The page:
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Dallas Opera

In Review Dallas Manon hdl 316
David McVicar’s production of Manon at Dallas Opera
© Karen Almond/Dallas Opera
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Ailyn Pérez and Stephen Costello as Manon and Des Grieux
© Almond/Dallas Opera

ON MARCH 4, Massenet’s Manon received a near perfect realization from Dallas Opera, in David McVicar’s inventive hothouse of a production, staged here by E. Loren Meeker. Sets and costumes were by Tanya McCallin, and the splendid lighting by Kevin Sleep, from the original designs of Paule Constable.

The chief splendor of the evening came from the singers. Baritone Edwin Crossley-Mercer turned Manon’s cousin, Lescaut, into a complex dramatic figure, a louche gambler and seducer who appeared to be making moves on his cousin when he meets her at the Inn in Act I. Crossley-Mercer proved his ability to combine the delicacy of a voice that has done wonders on the recital stage with a resonant power that projects through the opera hall. Lescaut’s “O, Rosalinde,” at the Cours-la-Reine, was a wistful, exuberant song that has little dramatic place in the opera’s action but added immeasurably to its color. 

Ailyn Pérez and Stephen Costello were nothing short of astonishing as Manon and her Chevalier. Pérez took a little while to warm up. Her “Je suis encore tout étourdie” sounded muffled at the start, especially in its middle range, and she was a bit overwhelmed by the orchestra. Soon, with “Voyons, Manon,” the heroine began to pull herself together in a melancholy self-realization that Pérez handled with delicacy. In the Act II “Adieu, notre petite table,” the soprano spun line after line slowly and with rich poignancy; she ended the aria curled upon the table, as if refusing to leave it. And with dazzling vocal coloratura and a commanding dramatic presence she lit up the stage with the piquant “Je marche sur tous les chemins.” Her voice blossomed like the very flowers she was describing. Carefree and languid at the same time, this Manon became more than the sum of her contradictions. “N’est-ce plus ma main?” at Saint Sulpice set of a seduction worthy of Dalila.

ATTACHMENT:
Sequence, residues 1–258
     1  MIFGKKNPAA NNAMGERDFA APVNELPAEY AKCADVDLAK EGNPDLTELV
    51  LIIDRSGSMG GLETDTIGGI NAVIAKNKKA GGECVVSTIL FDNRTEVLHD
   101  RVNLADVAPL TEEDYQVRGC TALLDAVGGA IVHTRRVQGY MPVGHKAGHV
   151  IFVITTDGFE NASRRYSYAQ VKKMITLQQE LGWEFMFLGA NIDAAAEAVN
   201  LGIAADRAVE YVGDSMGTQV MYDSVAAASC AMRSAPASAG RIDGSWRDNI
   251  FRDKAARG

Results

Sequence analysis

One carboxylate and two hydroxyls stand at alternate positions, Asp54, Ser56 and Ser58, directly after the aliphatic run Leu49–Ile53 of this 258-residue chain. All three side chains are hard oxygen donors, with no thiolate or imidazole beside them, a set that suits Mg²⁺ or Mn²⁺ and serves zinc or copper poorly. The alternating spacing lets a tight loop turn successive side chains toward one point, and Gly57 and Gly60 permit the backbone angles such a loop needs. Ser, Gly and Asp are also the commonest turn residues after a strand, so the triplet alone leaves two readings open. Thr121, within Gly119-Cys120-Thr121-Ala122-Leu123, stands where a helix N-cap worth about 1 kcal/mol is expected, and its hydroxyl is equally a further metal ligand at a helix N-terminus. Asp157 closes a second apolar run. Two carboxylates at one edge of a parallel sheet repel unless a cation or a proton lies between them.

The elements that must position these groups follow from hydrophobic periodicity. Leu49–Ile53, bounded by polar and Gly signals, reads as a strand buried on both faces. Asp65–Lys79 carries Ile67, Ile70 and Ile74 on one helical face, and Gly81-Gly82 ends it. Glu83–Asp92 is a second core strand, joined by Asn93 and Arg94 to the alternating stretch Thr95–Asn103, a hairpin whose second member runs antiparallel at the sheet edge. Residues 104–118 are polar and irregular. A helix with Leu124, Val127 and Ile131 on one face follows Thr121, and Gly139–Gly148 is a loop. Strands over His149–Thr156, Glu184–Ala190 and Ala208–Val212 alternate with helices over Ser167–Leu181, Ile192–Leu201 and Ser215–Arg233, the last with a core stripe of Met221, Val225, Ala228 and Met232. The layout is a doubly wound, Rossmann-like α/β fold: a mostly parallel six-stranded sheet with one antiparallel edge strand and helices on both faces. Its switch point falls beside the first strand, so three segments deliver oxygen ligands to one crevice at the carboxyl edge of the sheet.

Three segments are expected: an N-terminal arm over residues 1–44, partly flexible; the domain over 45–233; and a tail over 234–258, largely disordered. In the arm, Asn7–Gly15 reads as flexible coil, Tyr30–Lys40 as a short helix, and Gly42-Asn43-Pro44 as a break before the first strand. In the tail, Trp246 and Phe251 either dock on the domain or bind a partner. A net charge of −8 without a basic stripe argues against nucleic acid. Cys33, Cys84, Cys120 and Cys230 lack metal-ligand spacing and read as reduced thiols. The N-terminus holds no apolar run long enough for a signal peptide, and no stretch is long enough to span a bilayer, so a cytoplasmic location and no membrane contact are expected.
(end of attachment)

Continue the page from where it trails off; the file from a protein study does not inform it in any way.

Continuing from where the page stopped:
Stephen Costello moved from strength to vocal strength as Des Grieux. From his initial appearance, when Des Grieux is an awkward, bumbling bookworm, through his head-over-heels falling in love, to the golden high notes of his radiant “Nous vivrons à Paris” at the end of the Act I, Costello was in very good form. In Act III’s “Ah! fuyez, douce image” at Saint Sulpice, Costello’s clarion tenor (perhaps more Italianate than genuinely French) rang with the tenderness of young love and the strength of heroic resolve. The lovers’ duets in Acts I and III and the closing scene were marvels of pacing and harmonizing. 

The evening was marked by the return of Graeme Jenkins, the Dallas Opera’s laureate conductor, who led the ensemble with an excellent sympathy for the exuberant, often febrile, wit, passion, and pathos of Massenet’s score. The admirable performers in the comprimario roles—among them Troy Cook as De Brétigny and William Ferguson as Morfontaine, and David Pittsinger as the superfluous Comte des Grieux—combined vocal dexterity and sonority with lively stage presences. The saucy Pousette, Javotte, and Rosette were Katherine Whyte, Kathryn Leemhuis, and Audrey Babcock.  —Willard Spiegelman 

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